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Illustration: Sarah Grillo/Axios

Soaring health care costs are bad news for patients and taxpayers, but great news for the very profitable health care industry.

The big picture: The sector has profited heavily in 2019. Expect more of the same in 2020.

  • Most health care companies are immune from the trade war, and Washington isn't about to impose any cost controls. And the industry will continue to benefit from the GOP tax cuts.

Hospitals' rush to issue new debt signals they will find ways to fill beds

Pharmaceutical companies will keep hiking the prices for popular treatments and fighting off cheaper competitors.

Insurers are benefiting from the rising popularity of private Medicare Advantage plans.

  • UnitedHealth, the largest health insurance company by revenue, just forecasted a very profitable 2020, in line with Wall Street's estimates.

Pharmacy benefit managers have faced challenges to their business models in states, but the biggest ones have insulated themselves by merging with insurance companies.

What to watch: Speaking of health care mergers, expect more of them, even after the spate of blockbuster deals over the past few years.

The bottom line: The health care industry's biggest threat is a Democratic administration focused on health care, but that's a long way away.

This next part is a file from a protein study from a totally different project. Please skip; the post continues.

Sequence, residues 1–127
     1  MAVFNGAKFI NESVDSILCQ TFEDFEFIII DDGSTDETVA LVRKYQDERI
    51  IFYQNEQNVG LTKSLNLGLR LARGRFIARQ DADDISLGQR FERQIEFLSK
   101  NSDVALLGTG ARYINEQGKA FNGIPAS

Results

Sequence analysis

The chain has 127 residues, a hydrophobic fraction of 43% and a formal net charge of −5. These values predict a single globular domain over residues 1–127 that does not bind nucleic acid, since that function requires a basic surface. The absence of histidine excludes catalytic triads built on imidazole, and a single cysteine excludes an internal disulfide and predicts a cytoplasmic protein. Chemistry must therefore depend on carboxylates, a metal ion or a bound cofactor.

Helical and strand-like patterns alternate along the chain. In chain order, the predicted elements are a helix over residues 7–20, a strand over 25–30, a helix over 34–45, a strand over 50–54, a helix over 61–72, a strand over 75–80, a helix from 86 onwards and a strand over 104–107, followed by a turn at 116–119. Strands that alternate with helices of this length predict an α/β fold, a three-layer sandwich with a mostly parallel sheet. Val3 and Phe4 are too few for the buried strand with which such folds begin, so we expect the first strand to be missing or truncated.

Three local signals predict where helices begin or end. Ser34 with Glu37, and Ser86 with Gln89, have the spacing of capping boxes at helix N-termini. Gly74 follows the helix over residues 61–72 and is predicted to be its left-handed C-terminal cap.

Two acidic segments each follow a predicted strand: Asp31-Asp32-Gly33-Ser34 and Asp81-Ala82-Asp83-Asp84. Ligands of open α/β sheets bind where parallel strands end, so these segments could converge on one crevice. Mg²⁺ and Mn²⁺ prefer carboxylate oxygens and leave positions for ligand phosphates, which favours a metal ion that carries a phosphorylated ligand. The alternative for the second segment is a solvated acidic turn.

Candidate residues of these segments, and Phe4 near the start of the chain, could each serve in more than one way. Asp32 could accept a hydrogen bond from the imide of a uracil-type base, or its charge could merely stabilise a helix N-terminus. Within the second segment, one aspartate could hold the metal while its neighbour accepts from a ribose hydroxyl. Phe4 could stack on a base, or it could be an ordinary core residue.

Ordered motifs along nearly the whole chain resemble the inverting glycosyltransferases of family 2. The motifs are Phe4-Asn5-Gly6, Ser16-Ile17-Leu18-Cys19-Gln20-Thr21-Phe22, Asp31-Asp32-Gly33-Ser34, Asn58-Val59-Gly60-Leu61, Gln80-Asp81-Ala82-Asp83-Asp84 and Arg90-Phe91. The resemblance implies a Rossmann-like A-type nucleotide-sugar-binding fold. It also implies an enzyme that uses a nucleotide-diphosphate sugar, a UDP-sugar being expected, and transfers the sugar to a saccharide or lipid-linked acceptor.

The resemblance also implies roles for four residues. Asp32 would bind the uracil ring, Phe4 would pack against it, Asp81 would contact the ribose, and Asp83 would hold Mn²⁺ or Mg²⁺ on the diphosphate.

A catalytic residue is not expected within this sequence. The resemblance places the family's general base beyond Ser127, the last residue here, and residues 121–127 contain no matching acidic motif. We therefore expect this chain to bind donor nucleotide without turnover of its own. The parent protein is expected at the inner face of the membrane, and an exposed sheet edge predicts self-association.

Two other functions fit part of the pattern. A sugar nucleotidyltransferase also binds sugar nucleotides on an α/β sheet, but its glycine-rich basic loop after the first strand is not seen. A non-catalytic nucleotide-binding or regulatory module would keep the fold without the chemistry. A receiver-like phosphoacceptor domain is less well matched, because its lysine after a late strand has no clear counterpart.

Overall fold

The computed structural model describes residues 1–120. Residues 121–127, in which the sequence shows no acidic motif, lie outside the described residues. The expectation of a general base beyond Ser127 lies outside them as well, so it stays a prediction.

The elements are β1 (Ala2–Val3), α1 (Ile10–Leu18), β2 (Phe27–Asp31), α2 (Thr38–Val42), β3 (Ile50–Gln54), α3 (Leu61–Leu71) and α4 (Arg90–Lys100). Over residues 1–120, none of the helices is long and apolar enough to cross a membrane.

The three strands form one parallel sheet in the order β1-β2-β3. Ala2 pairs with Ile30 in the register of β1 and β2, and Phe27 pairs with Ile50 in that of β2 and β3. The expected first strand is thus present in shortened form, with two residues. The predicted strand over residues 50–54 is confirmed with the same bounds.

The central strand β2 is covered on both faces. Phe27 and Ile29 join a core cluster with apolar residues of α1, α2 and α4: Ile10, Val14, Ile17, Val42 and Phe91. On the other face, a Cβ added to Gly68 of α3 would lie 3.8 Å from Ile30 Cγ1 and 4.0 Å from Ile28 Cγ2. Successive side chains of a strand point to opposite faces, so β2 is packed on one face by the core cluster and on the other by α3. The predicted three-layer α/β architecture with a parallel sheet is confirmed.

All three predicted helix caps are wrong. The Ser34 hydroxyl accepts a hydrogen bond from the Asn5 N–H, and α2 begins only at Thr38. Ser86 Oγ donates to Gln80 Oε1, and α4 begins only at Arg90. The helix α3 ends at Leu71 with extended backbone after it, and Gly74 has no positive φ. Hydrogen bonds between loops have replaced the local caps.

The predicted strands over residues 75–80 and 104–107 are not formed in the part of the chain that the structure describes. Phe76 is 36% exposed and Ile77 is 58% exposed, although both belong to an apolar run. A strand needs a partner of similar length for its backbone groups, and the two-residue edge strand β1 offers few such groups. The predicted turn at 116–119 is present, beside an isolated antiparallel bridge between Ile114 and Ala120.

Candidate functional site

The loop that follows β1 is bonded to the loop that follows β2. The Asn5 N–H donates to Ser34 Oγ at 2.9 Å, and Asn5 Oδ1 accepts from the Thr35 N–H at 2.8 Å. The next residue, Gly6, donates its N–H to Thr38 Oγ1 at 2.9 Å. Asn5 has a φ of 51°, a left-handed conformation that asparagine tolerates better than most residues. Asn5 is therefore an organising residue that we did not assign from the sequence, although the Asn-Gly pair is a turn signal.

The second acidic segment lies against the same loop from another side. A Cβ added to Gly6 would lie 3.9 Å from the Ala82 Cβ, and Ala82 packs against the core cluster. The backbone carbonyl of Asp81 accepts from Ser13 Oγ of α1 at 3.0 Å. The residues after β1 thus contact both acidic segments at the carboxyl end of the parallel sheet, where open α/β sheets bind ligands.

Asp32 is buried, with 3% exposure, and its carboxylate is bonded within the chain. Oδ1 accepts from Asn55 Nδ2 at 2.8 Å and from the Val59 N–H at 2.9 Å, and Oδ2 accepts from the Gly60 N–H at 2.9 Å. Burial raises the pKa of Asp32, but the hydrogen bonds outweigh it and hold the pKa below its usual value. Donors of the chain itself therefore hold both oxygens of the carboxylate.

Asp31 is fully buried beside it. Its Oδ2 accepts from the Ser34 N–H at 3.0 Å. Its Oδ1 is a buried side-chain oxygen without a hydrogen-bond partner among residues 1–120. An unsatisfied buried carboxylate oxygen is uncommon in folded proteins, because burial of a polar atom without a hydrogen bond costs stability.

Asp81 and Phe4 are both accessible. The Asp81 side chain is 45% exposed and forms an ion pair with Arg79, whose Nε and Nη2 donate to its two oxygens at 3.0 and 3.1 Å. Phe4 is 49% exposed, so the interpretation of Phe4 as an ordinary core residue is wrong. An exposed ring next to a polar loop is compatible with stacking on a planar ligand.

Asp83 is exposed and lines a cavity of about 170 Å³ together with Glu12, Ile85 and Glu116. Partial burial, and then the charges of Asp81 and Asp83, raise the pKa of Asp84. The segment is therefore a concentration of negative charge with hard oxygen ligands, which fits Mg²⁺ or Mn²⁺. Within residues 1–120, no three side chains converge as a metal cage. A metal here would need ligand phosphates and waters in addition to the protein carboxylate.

Go deeper:

Go deeper

Janet Yellen confirmed as Treasury secretary

Janet Yellen. Photo: Alex Wong/Getty Images

The Senate voted 84-15 to confirm Janet Yellen as Treasury secretary on Monday.

Why it matters: Yellen is the first woman to serve as Treasury secretary, a Cabinet position that will be crucial in helping steer the country out of the pandemic-induced economic crisis.

Dan Primack, author of Pro Rata
3 hours ago - Economy & Business

Scoop: Red Sox strike out on deal to go public

Illustration: Sarah Grillo/Axios

The parent company of the Boston Red Sox and Liverpool F.C. has ended talks to sell a minority ownership stake to RedBall Acquisition, a SPAC formed by longtime baseball executive Billy Beane and investor Gerry Cardinale, Axios has learned from multiple sources. An alternative investment, structured more like private equity, remains possible.

Why it matters: Red Sox fans won't be able to buy stock in the team any time soon.